Betty Shamieh's "The Black Eyed": An Arab-American Playwright Inverts and Subverts Orientalism

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Arab-American playwright Betty Shamieh emerged on the contemporary theatre scene in the early 2000s with an artistic voice and cultural perspective that broke new ground on the American stage. Her early plays were personal stories of family that studied the immigrant experience through the eyes of exclusively Arab-American characters. Shamieh’s writing shifted after the events of 9/11 and resulted in her writing “The Black Eyed”, a play that addresses the Middle East conflict through the stories of four Arab women. Shamieh’s play adjusts the lens through which audiences witness the Arab- American experience and confront their Orientalist tendencies. Her cultural investigation rides a razor’s edge of Orientalism; she positions herself as both “us” and “them” within the discourse as she flips the hegemonic power structure. In this essay I use a close reading informed by Edward Said’s theories to examine the ways in which Shamieh inverts and subverts a gendered use of Orientalism in “The Black Eyed’s” themes and characters, using established tropes like the harem, houris, martyrs, violence, and seduction to fuel her project.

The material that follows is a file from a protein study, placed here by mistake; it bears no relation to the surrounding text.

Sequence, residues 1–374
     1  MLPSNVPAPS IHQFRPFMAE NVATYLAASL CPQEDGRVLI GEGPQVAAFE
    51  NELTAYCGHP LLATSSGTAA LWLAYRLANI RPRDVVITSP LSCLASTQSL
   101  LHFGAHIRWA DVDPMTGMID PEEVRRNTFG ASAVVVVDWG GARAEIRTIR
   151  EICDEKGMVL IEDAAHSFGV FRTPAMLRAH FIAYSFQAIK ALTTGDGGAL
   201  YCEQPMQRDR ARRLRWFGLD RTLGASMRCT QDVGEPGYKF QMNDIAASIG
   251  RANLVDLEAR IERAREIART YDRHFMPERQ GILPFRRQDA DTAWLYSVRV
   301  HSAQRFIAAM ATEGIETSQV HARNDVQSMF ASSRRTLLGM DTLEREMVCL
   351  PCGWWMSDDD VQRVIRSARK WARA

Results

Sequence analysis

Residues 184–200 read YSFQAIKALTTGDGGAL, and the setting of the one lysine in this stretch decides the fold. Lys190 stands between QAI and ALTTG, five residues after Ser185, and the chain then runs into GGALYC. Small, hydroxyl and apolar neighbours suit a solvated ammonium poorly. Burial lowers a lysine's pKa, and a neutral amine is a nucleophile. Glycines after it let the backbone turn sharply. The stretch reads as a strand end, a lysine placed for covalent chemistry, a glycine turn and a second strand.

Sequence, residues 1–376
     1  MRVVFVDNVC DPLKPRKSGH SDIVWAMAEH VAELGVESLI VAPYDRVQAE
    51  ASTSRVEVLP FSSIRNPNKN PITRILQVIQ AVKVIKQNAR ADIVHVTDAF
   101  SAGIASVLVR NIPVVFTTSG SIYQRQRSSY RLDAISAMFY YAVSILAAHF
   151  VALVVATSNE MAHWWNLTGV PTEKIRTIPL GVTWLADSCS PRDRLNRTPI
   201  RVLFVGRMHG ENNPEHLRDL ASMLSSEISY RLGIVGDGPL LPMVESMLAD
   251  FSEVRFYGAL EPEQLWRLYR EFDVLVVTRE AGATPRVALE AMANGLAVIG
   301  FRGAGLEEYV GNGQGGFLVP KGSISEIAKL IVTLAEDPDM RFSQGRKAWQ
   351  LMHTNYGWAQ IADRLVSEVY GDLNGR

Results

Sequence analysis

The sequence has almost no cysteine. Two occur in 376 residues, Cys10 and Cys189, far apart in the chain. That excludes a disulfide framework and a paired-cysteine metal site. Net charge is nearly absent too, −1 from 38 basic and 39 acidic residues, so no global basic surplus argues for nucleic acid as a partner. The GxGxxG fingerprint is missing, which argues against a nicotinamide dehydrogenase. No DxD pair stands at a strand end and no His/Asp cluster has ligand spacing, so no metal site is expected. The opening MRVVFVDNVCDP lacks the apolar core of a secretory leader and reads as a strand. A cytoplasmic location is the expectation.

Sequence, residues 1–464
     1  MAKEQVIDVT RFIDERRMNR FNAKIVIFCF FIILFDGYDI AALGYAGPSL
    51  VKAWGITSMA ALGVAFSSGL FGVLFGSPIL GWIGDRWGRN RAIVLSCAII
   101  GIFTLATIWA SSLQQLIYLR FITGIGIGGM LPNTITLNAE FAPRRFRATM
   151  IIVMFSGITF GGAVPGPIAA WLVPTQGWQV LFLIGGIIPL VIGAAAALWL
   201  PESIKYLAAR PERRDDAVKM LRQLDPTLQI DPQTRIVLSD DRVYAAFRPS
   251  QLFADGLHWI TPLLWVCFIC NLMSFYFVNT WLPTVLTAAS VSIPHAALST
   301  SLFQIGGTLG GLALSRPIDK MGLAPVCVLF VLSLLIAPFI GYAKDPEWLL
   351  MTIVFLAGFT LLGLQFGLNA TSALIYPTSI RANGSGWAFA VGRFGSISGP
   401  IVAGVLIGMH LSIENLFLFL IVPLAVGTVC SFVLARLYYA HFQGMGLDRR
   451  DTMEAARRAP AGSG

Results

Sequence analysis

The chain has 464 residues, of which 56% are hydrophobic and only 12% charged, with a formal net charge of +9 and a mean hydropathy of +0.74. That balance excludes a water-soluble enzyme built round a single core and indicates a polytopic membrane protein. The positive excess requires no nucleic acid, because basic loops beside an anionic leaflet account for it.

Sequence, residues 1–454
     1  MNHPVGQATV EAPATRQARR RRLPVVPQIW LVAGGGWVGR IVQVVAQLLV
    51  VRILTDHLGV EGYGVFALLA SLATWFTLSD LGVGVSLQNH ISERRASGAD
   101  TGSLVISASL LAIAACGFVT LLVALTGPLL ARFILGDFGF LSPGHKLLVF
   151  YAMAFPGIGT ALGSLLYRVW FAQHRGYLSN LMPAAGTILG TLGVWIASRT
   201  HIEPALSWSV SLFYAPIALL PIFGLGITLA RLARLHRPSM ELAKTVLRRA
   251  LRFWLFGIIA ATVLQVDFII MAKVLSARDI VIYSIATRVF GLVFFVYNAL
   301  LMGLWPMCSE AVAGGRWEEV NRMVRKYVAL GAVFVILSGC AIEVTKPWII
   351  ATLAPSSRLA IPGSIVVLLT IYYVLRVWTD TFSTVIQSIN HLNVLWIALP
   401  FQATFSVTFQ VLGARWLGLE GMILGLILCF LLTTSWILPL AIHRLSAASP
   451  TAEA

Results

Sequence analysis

Original languageAmerican English
Pages (from-to)1-15
Number of pages15
JournalAthens Journal of Humanities & Arts
Issue number2
StatePublished - Dec 2023


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